Laws pertaining to spousal support have evolved during the past couple of years. Indeed, spousal support was systematically granted to the poorer spouses who were involved in a divorce procedure. Yet, things have changed in a significant way since many states have introduced new guidelines concerning spousal support, and how it can be modified. It's important to point that these modifications only apply to long-term marital unions. If you want to find out about the situations that can affect an existing spousal support, then this article is for you.
Did you get remarried?
Spousal support is designed to help individuals who used to be married, and don't have the ability to take care of themselves financially. But if they get remarried, there's no longer a legal basis for the financial assistance they've been receiving, which means that the support should end. As the recipient of the support, you're not required to do anything from a legal standpoint. Indeed, if the other party never finds out that you've got remarried, then you'll keep getting money.
Has the payer's financial situation deteriorated?
Although the U.S. economy has considerably improved in recent months, there still are many people struggling with their finances. If your ex is one of them, then the judge may accept to reduce the burden of their support. The decision will be temporary until the payer's finances improve. Examples of situations leading to financial hardship include:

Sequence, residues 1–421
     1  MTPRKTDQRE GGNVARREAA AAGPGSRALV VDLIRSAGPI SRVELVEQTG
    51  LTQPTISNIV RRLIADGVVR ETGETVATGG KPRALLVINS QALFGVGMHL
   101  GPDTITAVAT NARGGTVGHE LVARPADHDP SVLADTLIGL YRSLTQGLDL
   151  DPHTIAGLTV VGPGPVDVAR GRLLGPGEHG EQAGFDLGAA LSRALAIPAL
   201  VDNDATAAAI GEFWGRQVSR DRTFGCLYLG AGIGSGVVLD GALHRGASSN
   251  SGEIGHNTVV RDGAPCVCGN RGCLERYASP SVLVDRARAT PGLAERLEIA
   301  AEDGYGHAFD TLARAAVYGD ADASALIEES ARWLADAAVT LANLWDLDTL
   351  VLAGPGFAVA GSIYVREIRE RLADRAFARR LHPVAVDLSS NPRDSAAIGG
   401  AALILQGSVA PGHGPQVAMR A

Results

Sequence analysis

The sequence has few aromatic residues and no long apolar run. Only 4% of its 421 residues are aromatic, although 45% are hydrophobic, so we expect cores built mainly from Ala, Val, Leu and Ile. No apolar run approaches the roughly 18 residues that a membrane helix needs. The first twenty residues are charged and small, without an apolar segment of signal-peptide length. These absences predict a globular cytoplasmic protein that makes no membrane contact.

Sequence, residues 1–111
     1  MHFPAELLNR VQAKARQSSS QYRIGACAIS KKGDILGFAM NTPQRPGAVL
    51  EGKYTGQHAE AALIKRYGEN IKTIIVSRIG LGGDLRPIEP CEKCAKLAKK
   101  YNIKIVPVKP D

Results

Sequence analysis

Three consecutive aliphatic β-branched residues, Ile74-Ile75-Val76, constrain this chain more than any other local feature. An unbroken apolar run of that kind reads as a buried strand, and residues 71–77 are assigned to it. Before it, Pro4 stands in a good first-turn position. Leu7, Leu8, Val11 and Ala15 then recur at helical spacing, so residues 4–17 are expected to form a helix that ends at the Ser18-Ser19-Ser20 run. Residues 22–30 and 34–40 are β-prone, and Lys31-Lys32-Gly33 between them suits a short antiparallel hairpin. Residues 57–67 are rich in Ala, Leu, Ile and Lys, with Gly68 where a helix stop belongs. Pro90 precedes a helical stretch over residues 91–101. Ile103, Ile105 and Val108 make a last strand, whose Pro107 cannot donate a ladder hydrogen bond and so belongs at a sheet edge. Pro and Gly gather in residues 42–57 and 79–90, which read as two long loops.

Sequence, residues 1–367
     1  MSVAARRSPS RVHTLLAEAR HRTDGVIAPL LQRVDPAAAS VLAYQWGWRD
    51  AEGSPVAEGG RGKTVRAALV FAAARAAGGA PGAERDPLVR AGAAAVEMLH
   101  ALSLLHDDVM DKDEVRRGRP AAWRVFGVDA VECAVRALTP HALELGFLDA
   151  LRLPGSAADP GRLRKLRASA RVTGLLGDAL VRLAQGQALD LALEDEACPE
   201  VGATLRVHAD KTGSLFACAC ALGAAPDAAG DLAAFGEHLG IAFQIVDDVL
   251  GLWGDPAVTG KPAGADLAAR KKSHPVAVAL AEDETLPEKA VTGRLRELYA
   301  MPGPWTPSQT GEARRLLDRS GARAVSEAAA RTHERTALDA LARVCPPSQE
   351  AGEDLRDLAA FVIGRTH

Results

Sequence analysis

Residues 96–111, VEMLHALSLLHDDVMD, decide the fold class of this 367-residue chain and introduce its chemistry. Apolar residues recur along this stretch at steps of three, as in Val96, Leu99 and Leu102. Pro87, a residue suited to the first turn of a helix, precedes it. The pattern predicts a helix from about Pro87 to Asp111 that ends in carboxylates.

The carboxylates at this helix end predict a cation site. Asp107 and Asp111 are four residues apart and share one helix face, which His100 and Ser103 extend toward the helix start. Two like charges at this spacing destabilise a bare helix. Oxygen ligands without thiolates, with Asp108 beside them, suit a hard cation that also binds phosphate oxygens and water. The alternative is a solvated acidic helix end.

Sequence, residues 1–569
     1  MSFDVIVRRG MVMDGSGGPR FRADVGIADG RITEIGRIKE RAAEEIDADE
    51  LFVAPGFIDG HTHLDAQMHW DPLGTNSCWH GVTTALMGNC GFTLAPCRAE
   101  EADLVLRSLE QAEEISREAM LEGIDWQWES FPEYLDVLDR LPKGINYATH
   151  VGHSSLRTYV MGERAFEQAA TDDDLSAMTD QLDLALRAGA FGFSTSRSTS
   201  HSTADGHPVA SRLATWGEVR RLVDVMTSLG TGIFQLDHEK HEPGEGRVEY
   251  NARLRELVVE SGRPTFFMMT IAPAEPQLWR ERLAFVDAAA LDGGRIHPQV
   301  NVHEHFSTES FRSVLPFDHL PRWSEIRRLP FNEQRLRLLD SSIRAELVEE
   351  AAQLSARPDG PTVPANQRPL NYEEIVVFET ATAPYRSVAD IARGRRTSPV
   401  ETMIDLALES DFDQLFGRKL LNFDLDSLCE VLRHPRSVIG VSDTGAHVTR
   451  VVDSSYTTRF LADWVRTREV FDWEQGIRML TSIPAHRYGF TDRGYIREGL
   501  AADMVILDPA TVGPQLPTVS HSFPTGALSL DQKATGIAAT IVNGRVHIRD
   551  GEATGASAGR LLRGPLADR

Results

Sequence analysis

Is your ex refusing to pay?
Divorces fuel the existing friction between individuals who are ready to part ways. For certain spouses, this friction is more intensified after hearing that the verdict is in the other party's favor. It's not uncommon to see the other party refuse to pay the spousal support despite the court order.
Usually the ex will give the financial assistance for a few months before starting to miss the payment deadlines. When that happens, you must contact your divorce attorney so they can put some pressure on the other party. If the warnings are ignored, your attorney will take your ex back to court, where the judge will decide to put in place wage garnishment, after listening to what the payer has to say.
When it comes to issues involving spousal support, courts typically favor recipients because they know that the money helps poorer individuals start their life over. So unless a special circumstance applies, the court's decision will always go your way. To learn more about spousal support, visit the experts at Ward & Ketchersid PA.
Hello, I'm Christina Miller. Have you ever been fascinated with why the law works the way it does? Ever since I was in junior high, I had an intense interest in anything related to our legal system, whether it be a crime drama on television, a judge show or a legal case covered on the news. I followed it all. As time progressed, I began learning about how the actual legal system worked and not just the fictionalized version of our legal system. This has lead me to start writing my own blog posts about law that I hope will help others.